2. While those are roasting merrily away, begin to finely slice broccoli and leak, if using tinned chickpeas now is the time to drain and pat dry. Melt your small dollop of butter in a pot (this will save washing later) and sauté your sliced vegetables and chickpeas with salt, pepper and a bit more thyme. Depending on your stove heat and how diligently you stand by to stir them the veg about, you are looking at about 10-12 minutes till they are done.

3. Once your vegetables have has been roasted, pop them into a blender with the peeled garlic cloves, tahini, nutritional yeast, stock cube and 1 cup of cold water. Blitz until smooth.

4. Empty the pot that had once sautéed vegetables and leave to the side. Pour soup from blender straight into this pot and heat up. Have your bowls at the ready with any optional crusty sourdough you may have picked up to go with it.

5. Once soup is heated through, serve into bowls, top with sautéed veg, chutney and spice. I hope you love it!

Macros: The above makes two serves, the below are per serve 

Each: 38gC 13.5gF 13gP 325calories

What’s The Go On Breakfast?

Or should you fast? We panic a bit at the thought of missing a meal or the potential to feel hungry. We are told eating frequent meals can “rev up” our metabolism. It doesn’t.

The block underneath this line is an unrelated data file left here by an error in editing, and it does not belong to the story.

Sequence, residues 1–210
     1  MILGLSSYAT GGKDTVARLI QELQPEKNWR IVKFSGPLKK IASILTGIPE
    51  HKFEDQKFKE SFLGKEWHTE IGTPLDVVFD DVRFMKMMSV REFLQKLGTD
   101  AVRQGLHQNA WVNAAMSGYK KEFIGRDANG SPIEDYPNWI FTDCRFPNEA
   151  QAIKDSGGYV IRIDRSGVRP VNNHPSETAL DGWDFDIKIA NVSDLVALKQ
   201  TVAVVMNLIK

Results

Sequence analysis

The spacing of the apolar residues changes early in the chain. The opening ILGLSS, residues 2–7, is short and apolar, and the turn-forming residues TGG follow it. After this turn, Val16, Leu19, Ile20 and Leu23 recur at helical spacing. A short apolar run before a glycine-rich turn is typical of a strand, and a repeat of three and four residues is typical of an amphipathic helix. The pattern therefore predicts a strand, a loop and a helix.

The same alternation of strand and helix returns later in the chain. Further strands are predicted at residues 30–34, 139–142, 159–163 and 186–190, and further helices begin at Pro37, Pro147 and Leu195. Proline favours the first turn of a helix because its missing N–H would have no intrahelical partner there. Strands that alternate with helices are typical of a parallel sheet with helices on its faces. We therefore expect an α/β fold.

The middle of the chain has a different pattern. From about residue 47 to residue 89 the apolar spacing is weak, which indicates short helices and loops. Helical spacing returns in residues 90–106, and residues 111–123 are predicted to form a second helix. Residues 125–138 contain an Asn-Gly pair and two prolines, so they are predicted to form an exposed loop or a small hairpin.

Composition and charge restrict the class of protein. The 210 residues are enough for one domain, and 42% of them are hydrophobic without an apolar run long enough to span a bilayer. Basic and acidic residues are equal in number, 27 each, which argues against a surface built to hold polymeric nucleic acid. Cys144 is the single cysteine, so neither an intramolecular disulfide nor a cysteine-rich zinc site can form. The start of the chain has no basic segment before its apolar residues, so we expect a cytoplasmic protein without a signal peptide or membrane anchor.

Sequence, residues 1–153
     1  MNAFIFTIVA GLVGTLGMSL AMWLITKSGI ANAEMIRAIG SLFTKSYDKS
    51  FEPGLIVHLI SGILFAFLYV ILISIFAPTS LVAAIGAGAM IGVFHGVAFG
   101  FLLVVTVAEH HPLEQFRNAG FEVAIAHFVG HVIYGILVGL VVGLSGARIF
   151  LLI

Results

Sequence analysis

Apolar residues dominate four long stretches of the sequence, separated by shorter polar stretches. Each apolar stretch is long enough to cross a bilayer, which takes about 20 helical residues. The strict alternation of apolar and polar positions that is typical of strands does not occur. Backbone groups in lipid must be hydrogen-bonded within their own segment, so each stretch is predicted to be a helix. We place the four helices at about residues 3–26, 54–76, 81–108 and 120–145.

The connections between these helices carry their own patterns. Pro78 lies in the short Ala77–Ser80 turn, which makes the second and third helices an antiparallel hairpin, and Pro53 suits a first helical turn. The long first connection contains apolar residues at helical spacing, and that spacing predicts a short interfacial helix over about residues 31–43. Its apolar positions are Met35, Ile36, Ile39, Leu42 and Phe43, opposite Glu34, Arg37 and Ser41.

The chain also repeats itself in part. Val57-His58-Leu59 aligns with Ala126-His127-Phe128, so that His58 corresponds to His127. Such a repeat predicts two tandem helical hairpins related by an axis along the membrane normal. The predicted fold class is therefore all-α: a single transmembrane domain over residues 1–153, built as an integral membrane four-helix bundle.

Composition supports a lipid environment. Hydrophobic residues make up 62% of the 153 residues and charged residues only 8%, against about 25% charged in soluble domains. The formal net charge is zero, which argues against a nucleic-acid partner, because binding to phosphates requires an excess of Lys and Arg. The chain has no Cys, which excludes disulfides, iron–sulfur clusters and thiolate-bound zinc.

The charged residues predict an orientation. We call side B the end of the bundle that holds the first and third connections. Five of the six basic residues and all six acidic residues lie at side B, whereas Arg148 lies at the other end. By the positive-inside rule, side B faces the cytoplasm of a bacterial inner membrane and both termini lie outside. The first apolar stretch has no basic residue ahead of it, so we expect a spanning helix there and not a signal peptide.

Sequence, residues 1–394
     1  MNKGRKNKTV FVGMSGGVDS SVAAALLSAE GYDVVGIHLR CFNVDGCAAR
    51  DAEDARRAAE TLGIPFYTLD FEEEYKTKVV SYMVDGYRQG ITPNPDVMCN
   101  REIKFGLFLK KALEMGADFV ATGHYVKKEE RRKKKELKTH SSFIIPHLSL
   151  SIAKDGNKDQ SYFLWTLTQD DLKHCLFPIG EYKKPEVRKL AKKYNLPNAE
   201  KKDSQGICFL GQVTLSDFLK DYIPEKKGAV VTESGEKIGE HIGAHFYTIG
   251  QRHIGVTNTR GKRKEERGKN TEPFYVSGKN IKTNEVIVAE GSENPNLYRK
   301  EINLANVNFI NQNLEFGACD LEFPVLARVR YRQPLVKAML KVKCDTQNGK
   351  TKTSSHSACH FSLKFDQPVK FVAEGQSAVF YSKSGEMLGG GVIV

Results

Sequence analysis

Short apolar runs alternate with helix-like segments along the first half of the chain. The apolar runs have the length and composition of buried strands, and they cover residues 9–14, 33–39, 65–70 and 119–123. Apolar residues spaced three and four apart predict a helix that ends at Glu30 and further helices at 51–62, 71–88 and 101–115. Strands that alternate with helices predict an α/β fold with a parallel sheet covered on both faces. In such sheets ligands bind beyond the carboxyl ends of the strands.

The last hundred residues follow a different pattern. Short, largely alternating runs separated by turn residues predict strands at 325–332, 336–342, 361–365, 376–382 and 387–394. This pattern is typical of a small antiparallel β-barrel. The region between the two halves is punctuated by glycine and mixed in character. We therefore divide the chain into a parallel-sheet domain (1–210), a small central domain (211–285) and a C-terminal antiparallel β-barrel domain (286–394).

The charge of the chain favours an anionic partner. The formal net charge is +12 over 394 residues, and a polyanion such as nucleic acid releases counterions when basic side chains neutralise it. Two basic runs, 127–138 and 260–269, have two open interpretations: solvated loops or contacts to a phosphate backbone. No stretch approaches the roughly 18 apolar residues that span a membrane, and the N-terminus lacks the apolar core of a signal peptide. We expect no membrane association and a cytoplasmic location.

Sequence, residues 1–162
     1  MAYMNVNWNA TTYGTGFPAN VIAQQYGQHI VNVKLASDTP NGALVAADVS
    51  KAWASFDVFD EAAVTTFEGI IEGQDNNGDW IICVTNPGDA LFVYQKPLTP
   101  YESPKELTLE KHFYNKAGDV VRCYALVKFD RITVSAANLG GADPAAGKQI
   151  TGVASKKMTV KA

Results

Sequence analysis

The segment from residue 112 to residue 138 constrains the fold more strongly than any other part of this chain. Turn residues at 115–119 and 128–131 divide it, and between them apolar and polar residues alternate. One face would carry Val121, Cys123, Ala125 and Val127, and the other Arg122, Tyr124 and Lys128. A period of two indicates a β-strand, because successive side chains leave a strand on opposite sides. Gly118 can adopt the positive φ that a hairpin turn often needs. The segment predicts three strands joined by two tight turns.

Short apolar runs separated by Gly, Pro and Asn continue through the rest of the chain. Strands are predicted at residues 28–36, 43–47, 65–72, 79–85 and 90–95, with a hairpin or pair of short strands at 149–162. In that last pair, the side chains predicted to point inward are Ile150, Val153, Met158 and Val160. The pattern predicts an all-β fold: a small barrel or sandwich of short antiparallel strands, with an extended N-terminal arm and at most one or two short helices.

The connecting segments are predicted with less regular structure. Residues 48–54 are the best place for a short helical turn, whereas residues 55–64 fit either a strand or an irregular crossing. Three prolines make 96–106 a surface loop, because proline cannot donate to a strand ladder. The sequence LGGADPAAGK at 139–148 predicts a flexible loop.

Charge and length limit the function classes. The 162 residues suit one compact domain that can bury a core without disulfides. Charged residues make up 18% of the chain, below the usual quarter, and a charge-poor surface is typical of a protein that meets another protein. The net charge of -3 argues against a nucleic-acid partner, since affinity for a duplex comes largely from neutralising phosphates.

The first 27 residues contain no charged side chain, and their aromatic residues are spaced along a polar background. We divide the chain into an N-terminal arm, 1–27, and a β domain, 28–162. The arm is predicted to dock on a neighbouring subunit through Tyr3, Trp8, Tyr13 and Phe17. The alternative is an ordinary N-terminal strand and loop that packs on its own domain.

We are told breakfast is the most important meal of the day. For primary school aged children; absolutely. A balanced plate of complex carbohydrates, protein and fats will sustain and nourish them through their school day.
We are told fasting is good for us and then feel even more confused about all this contradictory information. Fasting is fantastic for the 99%.

The fast option: skipping breakfast in favour of a black coffee, herbal tea or water has gained in popularity due to its well researched and clearly demonstrated benefits on focus and productivity as well as weight loss.
If you experience daily stress, are female and want to keep your hormones in good condition, then a coffee diet is not a good plan but we will come back to that. Fasting will lead to: